Wednesday, October 25, 2006

JD's Take: Vlad Taltos Series (Steven Brust)

Allow to preface this "review" by saying that this ongoing series of novels are some of my absolute favorite fantasy books. Ergo, I won't even pretend to be objective or fairhanded. Furthermore, there are around 10 of them out so far (with a grand total of 19 planned) so rather than give a full review of each of them (how many times can I say "this book rocks ass. Read it right now" before it loses its charm?) I'm going to post a mini review of each. Furthermore, it's been a little while since I read them and I have forgotten most everything that takes place in them (in fact, my poor memory about this series is one of the major reasons I wanted a blog like this one) so I am rereading the entire series. This time, I am reading it in the approximate chronological order of the stories (no mean feat, Brust plays fast and loose with time) rather than the accepted publication order or my original ass-random order.

So. Let me start with a meta-review of the series. These books take place in a land called Dragaerea, and follow the antics of an assassin named Vlad Taltos (pronounced Tal-Tosh). Dragarea is inhabited primarily by Dragaereans (though they call themselves human), who are significantly taller than humans (7-8 feet), have pointed ears, no facial hair, and don't get fat. If they sound a lot like fairies, you aren't alone. Vlad is not a Dragaerean, he is an Easterner (read: human) who grew up in the Dragaerean Empire. The Empire consists of 17 houses each of which takes the name of an animal (dragon, dzur, jhereg, yendi, etc) and each house does its best to live up to a certain ideal, usually based around the animal. For instance, dzurs are suicidally brave and don't consider a fight fair unless it is them against an army. Each house takes turns controlling the empire in a fixed cycle. Vlad belongs to the house of Jhereg (his father bought the title of baronet), a group very much akin to the real-world mafia. He starts as an enforcer, and when the stories begin he is an established assasin.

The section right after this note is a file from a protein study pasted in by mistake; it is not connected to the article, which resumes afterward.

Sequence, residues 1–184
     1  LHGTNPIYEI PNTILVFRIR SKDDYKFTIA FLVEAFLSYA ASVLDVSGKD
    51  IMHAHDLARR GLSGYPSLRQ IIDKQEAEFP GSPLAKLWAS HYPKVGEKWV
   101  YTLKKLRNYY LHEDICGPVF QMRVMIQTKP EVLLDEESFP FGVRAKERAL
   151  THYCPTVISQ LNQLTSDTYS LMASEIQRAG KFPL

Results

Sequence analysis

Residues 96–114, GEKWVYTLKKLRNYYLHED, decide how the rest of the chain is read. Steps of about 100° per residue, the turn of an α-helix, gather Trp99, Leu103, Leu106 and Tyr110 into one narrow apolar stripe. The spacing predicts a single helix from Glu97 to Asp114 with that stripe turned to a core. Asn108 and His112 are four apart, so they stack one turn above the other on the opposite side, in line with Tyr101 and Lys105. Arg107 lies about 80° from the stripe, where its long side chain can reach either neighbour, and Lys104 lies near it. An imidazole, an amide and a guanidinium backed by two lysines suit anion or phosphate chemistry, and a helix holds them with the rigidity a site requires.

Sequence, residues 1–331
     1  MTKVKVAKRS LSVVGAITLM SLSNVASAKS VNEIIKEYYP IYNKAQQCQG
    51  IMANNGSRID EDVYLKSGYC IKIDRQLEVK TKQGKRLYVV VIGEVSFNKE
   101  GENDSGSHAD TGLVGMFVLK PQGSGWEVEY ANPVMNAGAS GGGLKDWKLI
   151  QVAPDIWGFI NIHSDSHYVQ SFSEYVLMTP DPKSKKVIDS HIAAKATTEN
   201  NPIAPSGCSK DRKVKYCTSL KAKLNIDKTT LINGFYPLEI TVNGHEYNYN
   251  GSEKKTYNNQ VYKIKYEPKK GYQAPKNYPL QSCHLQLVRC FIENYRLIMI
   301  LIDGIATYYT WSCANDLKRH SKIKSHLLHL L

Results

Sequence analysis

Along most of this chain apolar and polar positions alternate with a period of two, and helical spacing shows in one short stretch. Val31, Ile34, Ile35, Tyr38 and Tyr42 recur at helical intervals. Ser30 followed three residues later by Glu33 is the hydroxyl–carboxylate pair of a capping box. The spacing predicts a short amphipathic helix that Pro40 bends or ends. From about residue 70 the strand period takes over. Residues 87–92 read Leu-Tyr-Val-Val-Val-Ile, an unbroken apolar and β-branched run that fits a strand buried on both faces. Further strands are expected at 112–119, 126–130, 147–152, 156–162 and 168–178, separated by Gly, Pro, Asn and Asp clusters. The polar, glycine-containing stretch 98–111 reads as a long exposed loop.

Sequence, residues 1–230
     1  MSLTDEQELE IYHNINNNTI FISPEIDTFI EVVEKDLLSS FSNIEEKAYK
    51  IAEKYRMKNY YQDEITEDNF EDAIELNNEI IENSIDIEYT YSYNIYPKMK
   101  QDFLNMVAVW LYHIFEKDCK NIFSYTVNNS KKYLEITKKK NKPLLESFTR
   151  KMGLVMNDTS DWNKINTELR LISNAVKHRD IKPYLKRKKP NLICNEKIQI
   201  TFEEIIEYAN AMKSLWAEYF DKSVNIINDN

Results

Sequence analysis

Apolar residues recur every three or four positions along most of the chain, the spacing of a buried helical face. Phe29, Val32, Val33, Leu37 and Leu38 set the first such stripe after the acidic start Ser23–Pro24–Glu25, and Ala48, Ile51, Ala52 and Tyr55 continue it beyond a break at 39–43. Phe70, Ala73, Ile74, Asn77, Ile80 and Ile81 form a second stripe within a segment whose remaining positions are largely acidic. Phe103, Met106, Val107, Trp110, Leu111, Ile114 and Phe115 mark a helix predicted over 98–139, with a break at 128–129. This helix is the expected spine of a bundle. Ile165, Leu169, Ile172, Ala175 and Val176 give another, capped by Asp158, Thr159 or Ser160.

Enough background. How about the actual writing? Almost every book is told in a different way, but some things hold fairly constant. Brust is a witty bastard, and it shows in these books. You'll be chuckling through most of the books, so avoid reading them at funerals. The stories read fast, fun, and entertaining throughout the series, and while the content shifts pretty dramatically about half way through, I've thoroughly enjoyed every one. Well, except for Teckla, but that's a special case. These books rock ass, read the right now.

Readers Note: Brust recommends reading the books in publication order, I am deliberatly reading them chronologically out of spite. I'll list the year-of-publication with each book-entry.

Readers Note: These entries will contain spoilers, and are primarily to job my memory at a later date. I wouldn't recommend reading them unless you have read the books. Which you should do. Right now. They rock ass.

Taltos (1988)

Yendi (1984)

Dragon (1998)

No comments: